Carnival of the Ghosts (Stonetree Records)
Calypso is a lyricist’s and performer’s art. Words matter. The delivery of those words — ideally self-penned — makes the difference between calypsonian and calypso singer. Drew Gonsalves — originally from Trinidad, now resident in Canada — and his band Kobo Town challenge the role of the calypsonian in a modern world separate from the competitions of Trinidad and the World music push of global record companies.
What is sacred to Caribbean ears as a rich native genre is made to be a commodity for global consumption, something that has evaded many outside the Caribbean diaspora in the US and UK since the 1940s. And that is not a bad thing, certainly not here on this new album of 10 lyrically diverse songs.
Gonsalves tells us that this new record is “a collection of songs about the human condition — about our quirks and foibles, our anxieties and hopes, and the haunting sense of impermanence that imbues our every moment with its urgency and priceless worth.” Lyrical excess with urgent polysyllabic wordplay make for interesting listening: I’d treat natural selection like divine election / Wouldn’t want to tamper with nature’s laws / If the conscience is a fiction, it’s a menacing malediction / A spoonful of guilt which only spoils the sauce. Whew!
Belizean Ivan Duran, who had a hand in Calypso Rose’s late-career rebirth, works his production magic on this album. Modern sound ideas mix with the recalled spirits of vintage calypsonians Roaring Lion and Atilla the Hun to make this album not so much new calypso wrapped in old clothes, but a reckoning of what calypso can be in the 21st century.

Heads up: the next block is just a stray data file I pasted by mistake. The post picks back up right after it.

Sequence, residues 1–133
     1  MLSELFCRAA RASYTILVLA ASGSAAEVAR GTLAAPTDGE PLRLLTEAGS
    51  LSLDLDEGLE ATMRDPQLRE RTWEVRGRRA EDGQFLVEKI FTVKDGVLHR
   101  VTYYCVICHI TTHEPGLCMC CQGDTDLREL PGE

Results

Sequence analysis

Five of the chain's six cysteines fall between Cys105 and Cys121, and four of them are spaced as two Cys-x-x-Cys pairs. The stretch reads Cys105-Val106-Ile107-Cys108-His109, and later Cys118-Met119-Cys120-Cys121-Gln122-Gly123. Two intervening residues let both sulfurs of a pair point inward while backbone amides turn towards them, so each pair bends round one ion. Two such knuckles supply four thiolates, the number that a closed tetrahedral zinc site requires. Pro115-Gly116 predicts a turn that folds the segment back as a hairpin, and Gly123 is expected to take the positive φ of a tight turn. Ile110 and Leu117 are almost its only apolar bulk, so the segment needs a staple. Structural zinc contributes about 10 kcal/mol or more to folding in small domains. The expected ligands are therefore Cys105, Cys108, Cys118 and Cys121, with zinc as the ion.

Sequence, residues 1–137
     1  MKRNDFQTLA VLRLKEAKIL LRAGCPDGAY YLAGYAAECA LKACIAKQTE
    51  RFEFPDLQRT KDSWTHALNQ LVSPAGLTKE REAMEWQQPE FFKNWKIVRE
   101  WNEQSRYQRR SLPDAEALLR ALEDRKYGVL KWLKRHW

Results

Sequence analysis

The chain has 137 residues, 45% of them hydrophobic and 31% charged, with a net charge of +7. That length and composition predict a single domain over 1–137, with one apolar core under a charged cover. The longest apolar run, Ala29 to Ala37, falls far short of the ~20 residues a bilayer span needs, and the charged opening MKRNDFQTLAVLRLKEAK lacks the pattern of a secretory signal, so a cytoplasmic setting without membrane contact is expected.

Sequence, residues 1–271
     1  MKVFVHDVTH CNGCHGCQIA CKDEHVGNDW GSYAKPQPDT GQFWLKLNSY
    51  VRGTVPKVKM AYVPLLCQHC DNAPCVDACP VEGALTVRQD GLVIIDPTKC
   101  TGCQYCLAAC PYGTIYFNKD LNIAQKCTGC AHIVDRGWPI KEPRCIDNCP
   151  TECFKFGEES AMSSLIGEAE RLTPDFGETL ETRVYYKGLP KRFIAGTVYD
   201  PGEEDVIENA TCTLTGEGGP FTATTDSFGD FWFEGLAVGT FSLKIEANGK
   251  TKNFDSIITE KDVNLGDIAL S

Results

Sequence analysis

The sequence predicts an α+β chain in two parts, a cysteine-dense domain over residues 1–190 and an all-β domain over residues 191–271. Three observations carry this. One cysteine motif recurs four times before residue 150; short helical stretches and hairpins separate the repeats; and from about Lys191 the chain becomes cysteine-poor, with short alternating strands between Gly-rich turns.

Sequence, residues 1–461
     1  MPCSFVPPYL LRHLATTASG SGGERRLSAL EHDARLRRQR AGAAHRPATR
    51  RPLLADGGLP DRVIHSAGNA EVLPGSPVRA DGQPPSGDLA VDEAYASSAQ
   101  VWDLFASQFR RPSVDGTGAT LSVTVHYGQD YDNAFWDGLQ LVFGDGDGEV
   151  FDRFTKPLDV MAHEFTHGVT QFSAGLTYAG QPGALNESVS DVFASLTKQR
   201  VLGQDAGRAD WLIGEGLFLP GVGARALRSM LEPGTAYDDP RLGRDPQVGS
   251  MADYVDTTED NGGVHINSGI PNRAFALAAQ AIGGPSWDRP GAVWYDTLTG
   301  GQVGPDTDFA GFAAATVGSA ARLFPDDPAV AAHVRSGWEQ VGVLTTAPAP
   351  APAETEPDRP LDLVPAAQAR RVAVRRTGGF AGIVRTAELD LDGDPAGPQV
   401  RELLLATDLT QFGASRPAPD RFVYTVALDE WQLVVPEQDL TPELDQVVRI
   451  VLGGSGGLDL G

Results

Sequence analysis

Midnight Rocker (On-U Sound)
Horace Andy has one of the most distinctive voices in Jamaican music, making his trademark “vibrato-heavy falsetto” the flavour of 1970s dub music and signalling Massive Attack’s mid-90s trip-hop apex. His new album — a mix of finely produced originals and remade classics from his oeuvre — showcases a richer mature voice and delays a career denouement.
Come Fly Wid Mi (Cherrytree Records)
“The Sinatra Songbook inna reggae stylee” is the subtitle of this compilation of songs made famous by the Chairman of the Board, reimagined by eclectic rock superstar Sting and sung by Shaggy. The pair does not retreat to vapid genre covers of the star’s catalogues, but shines an artful light on how Jamaican Patois can infuse wit and island elan into timeless lyricism.
Herencia Criolla (Self released)
Pianist Josean Jacobo says: “I take the folkloric idioms, our traditional culture, African-Dominican heritage, and I blend it with contemporary jazz in a trio setting.” That statement aptly describes his new album, but does not convey the extent of the rhythmic impact one can hear. Bachata and merengue pulses cement a new island jazz aesthetic.
Dean Fraser & Ernie Ranglin
Two Colors (Tad’s Record)
When legends get together to record new music, the creative possibilities are endless. Ranglin (a 90-year-old Jamaican guitar icon, whose nimble chops and touch are undiminished) joins Fraser (sax side man to every global reggae star) on a jazz, ska and reggae instrumental journey that is ageless, and cherishes legacies. Collab heaven.
Pastourelle (Self released)
Bellegarde — a Canada-based percussionist of Haitian descent — explores rural music from Haiti and the French West Indies as an ongoing exercise in heritage recall. The quadrille, the contredanse, the waltz, and even the Creole polka are heard as inspiration for originals, and covers of Haitian and Martiniquan classic tunes give this album deserved gravitas.